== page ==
Indulge in gourmet and help feed a child, charity says
By Eveline Danubrata
SINGAPORE (Reuters Life!) - Dining at top-notch restaurants just got more meaningful with a charity drive that hopes to turn gourmet meals across Asia into food for children in one of the world's poorest nations, East Timor.
More than 50 restaurants across Asia will donate 15 percent of their proceeds from special menus or promotions during August to the United Nations World Food Program (WFP) in East Timor as part of an initiative with regional food guide, the Miele Guide.
"I feel that in Asia, it's very easy to forget the fact that there are about 600 million people going to bed hungry each night," the WFP's Cynthia Jones said.
East Timor, which was invaded by Indonesia in 1975, has suffered from widespread food shortages and civil unrest since gaining full independence in 2002. According to U.N. figures, it faces one of the highest malnutrition and mortality rates among children aged below 5 years in Asia.
Participating restaurants include Iggy's in Singapore, ranked one of the world's top 50 restaurants, Japan's Hanasanshou and Hong Kong's Nobu. Jones said the WFP aimed to raise $200,000 during the month, which could feed around 11,000 children in East Timor for three months.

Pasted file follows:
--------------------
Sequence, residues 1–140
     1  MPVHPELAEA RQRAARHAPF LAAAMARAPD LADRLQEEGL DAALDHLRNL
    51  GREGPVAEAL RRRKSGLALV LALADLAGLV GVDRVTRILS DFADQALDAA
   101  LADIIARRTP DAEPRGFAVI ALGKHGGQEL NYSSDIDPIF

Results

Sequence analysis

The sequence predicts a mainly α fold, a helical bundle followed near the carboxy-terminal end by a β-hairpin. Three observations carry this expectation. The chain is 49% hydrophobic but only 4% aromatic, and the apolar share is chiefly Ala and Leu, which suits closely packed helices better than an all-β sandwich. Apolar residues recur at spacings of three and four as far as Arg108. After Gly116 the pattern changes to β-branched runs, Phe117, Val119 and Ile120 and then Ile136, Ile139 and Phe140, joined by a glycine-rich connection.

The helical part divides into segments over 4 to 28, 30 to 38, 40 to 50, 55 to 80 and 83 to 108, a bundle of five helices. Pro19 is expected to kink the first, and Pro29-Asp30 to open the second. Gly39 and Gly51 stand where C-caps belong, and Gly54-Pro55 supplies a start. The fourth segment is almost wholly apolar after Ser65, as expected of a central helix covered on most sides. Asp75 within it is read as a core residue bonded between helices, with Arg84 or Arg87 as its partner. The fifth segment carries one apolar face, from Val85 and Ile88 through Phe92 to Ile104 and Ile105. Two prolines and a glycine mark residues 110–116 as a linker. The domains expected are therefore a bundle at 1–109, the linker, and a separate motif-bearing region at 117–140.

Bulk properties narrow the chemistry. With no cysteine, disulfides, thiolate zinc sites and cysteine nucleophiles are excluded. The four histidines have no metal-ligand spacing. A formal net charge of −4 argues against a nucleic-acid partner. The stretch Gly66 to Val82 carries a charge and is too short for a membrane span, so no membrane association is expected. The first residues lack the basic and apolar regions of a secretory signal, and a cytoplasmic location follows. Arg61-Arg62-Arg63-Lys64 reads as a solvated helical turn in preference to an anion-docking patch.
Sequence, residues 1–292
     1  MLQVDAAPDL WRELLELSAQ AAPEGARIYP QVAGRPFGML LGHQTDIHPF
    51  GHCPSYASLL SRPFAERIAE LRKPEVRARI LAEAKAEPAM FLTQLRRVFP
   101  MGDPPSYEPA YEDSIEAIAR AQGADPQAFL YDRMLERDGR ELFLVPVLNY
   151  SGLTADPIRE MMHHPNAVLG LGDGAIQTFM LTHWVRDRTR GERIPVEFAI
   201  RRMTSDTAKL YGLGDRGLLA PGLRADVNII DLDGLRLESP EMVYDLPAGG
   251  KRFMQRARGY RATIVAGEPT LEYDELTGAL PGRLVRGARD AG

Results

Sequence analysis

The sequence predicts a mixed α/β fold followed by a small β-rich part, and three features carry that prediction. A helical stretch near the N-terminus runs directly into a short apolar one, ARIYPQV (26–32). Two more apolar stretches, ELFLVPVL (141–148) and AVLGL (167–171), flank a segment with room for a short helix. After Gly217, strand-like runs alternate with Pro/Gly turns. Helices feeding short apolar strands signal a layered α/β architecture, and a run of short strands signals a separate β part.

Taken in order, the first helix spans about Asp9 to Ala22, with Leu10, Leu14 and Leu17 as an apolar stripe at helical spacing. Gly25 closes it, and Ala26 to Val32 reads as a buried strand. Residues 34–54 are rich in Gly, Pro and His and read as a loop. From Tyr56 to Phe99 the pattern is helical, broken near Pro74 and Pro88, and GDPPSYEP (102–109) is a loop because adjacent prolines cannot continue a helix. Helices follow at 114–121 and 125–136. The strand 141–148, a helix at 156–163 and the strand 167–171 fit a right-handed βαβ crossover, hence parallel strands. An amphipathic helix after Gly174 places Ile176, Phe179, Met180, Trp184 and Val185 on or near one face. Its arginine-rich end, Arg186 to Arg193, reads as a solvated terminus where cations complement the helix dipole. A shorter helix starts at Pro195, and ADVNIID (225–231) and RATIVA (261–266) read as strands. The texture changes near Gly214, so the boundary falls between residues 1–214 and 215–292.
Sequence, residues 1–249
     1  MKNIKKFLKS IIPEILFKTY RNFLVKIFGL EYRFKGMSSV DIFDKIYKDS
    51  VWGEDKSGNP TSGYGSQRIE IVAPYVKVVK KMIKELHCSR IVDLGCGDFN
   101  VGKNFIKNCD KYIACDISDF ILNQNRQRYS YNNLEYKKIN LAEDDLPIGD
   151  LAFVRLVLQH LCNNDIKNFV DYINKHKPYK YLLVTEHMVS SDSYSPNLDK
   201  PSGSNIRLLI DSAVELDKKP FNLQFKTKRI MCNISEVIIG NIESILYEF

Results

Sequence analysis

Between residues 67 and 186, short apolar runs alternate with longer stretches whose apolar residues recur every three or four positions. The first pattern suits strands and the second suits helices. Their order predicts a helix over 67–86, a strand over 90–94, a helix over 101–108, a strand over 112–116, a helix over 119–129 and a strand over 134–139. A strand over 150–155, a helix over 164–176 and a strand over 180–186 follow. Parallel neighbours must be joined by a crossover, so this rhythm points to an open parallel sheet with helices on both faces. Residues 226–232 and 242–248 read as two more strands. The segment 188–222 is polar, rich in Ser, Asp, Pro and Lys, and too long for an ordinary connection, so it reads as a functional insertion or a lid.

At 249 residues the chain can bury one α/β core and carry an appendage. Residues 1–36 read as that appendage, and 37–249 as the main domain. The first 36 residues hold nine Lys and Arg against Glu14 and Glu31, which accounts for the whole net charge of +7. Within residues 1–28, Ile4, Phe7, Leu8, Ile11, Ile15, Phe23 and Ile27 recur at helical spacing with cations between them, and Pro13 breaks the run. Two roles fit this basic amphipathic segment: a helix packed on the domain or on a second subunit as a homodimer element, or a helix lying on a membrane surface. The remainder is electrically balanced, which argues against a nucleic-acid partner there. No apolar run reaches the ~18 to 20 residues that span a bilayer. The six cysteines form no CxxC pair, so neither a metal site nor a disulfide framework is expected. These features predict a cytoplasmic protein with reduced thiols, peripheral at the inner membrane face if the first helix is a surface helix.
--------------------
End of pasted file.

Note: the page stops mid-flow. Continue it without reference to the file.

"This program will hopefully work well because it gives people the excuse to go back to great restaurants, to feel less guilty about spending freely and eating well," said Aun Koh, director of Ate Media, the Singapore-based firm which publishes the Miele Guide.
Koh said August is usually a difficult month for restaurants across Asia because holidays and festivals mean people do not eat out as often, so the initiative also aims to revive business, especially during these tough economic times.
Koh, who was once a journalist trailing East Timor's first president Xanana Gusmao, hopes to turn the initiative into an annual event. The WFP hopes it won't be needed for ever.
"We are filling a gap in government capacity at this stage of the game. Our intent is to build the government capacity so we can then phase out and governments can take over," Jones said.
(Editing by Miral Fahmy)
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